Insect-plant interactions between magpie moth (Nyctemera annulata) and four species of Senecio.
Degree GrantorUniversity of Canterbury
Degree NameMaster of Science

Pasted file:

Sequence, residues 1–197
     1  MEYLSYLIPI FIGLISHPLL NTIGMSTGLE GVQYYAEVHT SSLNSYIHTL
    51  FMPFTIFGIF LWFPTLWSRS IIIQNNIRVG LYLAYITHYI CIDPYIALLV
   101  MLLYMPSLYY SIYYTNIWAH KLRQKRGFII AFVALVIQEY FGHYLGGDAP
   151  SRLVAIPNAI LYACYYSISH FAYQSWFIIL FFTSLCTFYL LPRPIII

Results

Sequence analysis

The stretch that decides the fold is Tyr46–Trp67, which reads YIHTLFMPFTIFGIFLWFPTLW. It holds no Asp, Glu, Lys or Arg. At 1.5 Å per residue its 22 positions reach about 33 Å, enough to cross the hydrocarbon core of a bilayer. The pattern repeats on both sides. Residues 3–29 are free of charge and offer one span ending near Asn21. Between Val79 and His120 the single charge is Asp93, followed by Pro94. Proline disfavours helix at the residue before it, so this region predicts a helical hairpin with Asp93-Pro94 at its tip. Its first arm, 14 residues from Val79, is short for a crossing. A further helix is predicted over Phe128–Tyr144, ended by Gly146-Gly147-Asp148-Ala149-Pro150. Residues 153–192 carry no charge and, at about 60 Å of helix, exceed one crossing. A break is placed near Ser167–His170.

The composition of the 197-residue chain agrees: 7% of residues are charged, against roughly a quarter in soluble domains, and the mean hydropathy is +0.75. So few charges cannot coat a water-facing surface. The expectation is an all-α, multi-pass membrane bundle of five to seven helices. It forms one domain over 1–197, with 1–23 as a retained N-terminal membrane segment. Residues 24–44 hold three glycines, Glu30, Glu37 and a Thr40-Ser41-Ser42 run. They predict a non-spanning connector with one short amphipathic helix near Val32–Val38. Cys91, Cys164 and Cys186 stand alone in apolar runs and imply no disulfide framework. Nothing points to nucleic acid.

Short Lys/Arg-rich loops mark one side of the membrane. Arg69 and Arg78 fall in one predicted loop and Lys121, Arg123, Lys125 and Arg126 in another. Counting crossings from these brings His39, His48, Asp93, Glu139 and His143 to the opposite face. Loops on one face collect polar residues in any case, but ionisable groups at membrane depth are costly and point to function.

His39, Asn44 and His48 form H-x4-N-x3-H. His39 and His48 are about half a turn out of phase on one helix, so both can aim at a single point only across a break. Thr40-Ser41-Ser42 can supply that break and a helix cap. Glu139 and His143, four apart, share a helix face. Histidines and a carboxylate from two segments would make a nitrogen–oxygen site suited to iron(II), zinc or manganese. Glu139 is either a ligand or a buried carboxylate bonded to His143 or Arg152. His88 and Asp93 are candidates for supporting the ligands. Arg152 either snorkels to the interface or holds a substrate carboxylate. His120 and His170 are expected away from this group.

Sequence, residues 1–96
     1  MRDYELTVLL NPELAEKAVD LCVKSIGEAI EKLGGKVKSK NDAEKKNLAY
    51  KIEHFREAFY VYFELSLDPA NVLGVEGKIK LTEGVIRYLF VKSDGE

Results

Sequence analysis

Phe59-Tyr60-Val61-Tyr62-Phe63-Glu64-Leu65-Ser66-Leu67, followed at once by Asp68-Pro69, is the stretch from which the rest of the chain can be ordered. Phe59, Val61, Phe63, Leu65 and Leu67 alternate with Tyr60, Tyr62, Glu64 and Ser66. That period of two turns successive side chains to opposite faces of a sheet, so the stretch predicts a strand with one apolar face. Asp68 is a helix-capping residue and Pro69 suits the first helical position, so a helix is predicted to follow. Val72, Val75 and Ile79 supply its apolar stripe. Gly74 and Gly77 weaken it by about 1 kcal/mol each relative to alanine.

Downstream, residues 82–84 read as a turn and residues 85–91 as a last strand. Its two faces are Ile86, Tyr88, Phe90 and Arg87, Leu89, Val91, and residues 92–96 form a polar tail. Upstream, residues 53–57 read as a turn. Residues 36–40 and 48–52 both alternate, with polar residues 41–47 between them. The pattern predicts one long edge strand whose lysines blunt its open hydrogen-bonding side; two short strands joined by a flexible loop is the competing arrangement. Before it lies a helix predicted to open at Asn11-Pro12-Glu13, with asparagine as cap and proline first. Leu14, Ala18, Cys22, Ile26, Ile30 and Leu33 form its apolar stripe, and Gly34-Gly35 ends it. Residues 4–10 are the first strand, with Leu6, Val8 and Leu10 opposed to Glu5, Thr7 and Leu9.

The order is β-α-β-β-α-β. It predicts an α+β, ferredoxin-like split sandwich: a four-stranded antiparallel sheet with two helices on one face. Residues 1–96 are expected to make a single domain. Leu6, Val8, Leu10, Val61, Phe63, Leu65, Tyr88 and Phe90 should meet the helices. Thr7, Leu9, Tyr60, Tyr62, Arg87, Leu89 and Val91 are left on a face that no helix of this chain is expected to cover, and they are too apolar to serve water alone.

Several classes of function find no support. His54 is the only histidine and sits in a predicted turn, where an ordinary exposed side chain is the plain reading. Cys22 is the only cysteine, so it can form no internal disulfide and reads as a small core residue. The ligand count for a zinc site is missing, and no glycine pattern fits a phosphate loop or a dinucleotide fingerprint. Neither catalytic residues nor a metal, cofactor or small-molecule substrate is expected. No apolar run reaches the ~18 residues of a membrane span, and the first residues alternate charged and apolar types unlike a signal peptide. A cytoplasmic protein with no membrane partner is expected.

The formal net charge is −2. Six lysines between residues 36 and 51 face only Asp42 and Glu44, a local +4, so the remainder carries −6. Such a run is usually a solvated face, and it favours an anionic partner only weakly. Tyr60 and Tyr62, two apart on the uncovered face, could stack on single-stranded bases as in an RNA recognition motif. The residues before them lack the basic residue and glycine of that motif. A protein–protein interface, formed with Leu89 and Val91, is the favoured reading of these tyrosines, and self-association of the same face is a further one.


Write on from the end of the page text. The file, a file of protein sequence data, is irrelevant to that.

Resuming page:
The ecological interactions between the endemic magpie moth (Nyctemera annulata) and four weedy Senecio spp. (two indigenous spp. , S. glomeratus and S. quadridentatus and two adventive spp., S. sylvaticus and S. vulgaris), were examined in relation to insect preference and development, and counterdefences or developmental responses of the:hosts. Larval development, adult fecundity and host preference as a result of larval food plant conditioning were studied. Potential depredation of the insect on the hosts was determined and their physical defences and responses to defoliation were assessed. Imago ovipositing was not species specific but directly correlated with dry weight and leaf number of host Senecio spp. Under laboratory conditions fifth instar larvae selected the plant species supporting the most successful larval development, independent of larval conditioning. Food plant preference was in the order: Senecio vulgaris> S. glomeratus = S. quadridentatus > S. sylvaticus. Larvae selected S. vulgaris in field conditions before anthesis but this preference decreased at anthesis. Larvae reared on S. vulgaris had the highest pIc efficiency and E.C.I. value, resulting in rapid larval and pupal development, with larger and heavier instars when compared with other Senecio spp. Larvae reared on S. vulgaris always selected this species in petri dishes. However larval development on different specific hosts did not alter the correlation of oviposition with dry weight and leaf number. The order of imago fecundity for larvae raised on three Senecio spp. was: S. glomeratus > S.vulgaris > S. quadridentatus. Fifth instar larvae acquired the major proportion of the larval food and defoliated the four species to ground level under glasshouse conditions. However the expected overcrowding and complete defoliation in nature has not been observed, possibly due to populations being checked by a high juvenile larval mortality. All Senecio spp. were cold-tolerant and established during winter when larvae showed minimal activity. S. glomeratus and S. quadridentatus~ the two indigenous species, responded to defoliation by vegetative regeneration from root stock. S. vulgaris responded by producing mature fruit more rapidly when attacked. N. annulata may influence the altitudinal distribution of S. sylvaticus as this species is more prolific at higher altitudes where the insect is probably univoltine.